Scene One – School ball diamond – April 27, 1957
“Dickey, are you crying?”
“You sure look sad sitting alone on a sunny day. Something wrong?”
My chin bumps my chest. “No, nothing’s wrong.”
My piano teacher said, “Music communicates in many ways. What if you composed a melody where your music goes down the scale from higher to lower notes? In most of your songs, melodies ascend.”
How could I do this? That evening I struggled to compose a descending melody. Without a point of reference, or awareness of an example, it’s difficult to create new music.
This morning I heard a descending melody on the radio. I never heard the descending melody in the song until my piano teacher asked her question. When we pause and pay attention to what we experience, we raise our awareness in the present moment. If we increase awareness in one part of life, we elevate attention in other parts as well.
“Life is like music,” Sam observed.
I coach Sam, a healthcare clinic manager on staffing issues. His comment perked my interest. “Say more, Sam.”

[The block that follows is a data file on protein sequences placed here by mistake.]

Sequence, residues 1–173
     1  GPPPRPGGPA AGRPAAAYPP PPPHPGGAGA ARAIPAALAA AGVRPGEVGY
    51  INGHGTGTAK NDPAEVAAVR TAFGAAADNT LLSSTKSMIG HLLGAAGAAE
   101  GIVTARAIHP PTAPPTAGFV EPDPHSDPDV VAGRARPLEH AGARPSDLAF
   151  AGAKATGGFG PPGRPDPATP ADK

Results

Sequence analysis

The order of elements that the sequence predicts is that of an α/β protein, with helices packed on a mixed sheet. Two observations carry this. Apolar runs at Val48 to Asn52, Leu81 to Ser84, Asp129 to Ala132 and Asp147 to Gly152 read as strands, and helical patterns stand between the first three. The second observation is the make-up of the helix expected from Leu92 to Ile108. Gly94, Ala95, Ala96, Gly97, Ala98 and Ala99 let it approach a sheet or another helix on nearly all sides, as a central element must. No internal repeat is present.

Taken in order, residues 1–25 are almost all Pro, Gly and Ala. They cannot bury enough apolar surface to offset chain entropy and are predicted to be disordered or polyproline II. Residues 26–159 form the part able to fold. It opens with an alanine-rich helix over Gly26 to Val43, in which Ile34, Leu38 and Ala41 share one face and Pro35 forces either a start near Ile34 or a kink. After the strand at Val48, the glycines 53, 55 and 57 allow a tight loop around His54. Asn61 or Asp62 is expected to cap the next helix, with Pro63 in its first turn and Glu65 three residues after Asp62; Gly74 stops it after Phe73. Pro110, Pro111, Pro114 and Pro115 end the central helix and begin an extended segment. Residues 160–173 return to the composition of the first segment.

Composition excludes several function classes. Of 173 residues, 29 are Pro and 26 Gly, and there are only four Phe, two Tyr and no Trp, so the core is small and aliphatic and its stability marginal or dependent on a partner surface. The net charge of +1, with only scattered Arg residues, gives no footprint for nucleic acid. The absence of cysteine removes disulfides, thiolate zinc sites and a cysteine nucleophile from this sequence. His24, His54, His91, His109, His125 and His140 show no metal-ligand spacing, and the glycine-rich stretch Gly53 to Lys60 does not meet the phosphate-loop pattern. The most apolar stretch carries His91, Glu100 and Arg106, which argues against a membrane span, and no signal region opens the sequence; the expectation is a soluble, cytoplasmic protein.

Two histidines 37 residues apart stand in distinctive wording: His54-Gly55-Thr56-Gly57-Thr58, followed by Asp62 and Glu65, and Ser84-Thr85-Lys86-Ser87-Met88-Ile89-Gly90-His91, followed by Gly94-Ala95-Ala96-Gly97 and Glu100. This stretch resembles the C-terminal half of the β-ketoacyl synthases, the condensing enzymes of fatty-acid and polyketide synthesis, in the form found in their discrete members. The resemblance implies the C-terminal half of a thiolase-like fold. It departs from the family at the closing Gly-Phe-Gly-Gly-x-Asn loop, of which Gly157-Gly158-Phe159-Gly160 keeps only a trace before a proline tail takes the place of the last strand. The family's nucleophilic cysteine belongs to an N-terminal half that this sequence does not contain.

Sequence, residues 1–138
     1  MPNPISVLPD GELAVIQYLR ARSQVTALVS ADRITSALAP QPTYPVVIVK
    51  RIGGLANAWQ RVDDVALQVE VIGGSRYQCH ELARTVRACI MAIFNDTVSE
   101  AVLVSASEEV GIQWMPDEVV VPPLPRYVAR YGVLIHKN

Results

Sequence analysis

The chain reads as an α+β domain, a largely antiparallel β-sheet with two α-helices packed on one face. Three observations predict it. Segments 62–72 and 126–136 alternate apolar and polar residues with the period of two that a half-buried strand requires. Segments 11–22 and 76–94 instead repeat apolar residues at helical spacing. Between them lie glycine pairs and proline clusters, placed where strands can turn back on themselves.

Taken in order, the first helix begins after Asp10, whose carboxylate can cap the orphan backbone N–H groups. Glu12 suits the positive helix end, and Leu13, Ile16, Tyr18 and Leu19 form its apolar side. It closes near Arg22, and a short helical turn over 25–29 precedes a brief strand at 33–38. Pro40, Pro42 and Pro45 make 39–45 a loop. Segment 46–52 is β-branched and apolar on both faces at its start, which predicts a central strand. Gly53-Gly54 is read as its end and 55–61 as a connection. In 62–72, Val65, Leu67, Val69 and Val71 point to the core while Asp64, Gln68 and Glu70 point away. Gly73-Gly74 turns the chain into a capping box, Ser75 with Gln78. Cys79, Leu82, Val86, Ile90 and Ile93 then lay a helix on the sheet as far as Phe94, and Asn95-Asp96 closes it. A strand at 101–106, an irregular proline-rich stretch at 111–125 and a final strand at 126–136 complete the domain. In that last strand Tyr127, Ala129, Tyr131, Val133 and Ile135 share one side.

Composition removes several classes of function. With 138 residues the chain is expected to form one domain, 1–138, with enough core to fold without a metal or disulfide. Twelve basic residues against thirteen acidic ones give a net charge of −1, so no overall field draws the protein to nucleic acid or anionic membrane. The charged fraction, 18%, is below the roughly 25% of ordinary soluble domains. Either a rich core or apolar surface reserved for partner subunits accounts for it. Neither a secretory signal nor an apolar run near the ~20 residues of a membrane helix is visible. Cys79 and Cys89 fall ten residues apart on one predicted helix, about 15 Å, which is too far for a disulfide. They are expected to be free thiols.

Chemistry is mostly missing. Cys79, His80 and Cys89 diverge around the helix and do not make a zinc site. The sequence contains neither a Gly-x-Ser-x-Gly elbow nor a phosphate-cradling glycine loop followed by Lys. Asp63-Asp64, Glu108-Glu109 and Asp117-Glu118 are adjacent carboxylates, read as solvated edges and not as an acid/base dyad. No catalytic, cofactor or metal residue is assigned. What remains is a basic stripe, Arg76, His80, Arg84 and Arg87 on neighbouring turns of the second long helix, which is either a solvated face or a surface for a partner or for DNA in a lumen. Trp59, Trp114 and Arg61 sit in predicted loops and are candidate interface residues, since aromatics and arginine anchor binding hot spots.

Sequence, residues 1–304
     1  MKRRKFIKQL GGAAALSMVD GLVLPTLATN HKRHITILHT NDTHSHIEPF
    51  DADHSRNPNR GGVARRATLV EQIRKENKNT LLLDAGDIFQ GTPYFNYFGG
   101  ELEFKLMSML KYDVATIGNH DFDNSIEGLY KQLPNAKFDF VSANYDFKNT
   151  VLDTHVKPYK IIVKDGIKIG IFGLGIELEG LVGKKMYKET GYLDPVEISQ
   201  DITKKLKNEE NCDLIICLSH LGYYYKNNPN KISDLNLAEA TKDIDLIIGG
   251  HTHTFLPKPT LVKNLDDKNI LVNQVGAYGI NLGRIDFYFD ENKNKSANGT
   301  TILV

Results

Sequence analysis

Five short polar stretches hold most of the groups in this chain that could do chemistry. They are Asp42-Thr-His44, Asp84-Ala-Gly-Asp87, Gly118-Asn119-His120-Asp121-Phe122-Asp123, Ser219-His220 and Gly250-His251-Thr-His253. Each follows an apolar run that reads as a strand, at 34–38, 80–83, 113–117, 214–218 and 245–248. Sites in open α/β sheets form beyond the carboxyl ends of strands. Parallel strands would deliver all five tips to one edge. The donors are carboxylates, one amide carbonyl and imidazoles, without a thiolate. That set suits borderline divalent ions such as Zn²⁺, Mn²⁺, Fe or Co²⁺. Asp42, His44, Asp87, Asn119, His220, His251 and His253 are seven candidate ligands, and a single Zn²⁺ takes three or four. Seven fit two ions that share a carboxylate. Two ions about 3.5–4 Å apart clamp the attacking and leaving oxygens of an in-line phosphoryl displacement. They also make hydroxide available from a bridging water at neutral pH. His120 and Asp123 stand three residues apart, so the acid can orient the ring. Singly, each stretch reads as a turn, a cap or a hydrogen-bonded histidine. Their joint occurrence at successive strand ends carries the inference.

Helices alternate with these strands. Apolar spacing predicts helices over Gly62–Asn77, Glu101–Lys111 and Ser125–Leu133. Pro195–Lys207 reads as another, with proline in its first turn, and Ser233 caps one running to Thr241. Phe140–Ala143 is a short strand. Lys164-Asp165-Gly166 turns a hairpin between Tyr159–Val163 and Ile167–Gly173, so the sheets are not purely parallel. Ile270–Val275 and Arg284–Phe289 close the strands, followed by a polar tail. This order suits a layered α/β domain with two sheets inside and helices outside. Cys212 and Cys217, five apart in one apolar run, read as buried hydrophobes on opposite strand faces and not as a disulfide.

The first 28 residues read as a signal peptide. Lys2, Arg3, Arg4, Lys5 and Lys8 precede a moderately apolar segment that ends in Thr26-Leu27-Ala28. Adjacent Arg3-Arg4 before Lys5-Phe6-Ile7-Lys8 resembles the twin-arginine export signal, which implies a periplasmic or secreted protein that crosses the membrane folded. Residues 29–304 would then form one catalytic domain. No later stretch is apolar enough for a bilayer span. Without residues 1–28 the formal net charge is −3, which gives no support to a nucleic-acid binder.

“Here’s what I mean,” Sam explained. “All notes need to be heard. For example, I often compose piano music in the key of C major. If my melody includes an F major chord and I want to finish my song, I usually take my music directly to a C major chord. This transition is the quickest way to finish my tune because I hear two compatible major chords that suggest completion.”
Being truly present with others is an important dynamic of successful relationships. We build relationships through meaningful conversation. Susan Scott in “Fierce Conversations” says, “Conversation is the relationship.”
Listening is cited among the top attributes of successful business leaders. Listening, reflecting on what is being said, and discerning meaning behind employee stories, the “real” or base-line issues, requires leaders to inquire, to ask questions which cause an employee to stop and think.
Successful business leaders know the difference between inquiry and leading questions. Leaders may have opinions about an employee’s story and probable course of action and may be tempted to ask questions which lead to their predetermined conclusion. Successful leaders, however, realize the importance of employees’ finding their own truths, so employees will embrace the outcomes of their actions.
About the Author
Richard Wilberg is a creativity coach, musician, writer, photographer, and former business leader who lives in Madison, Wisconsin.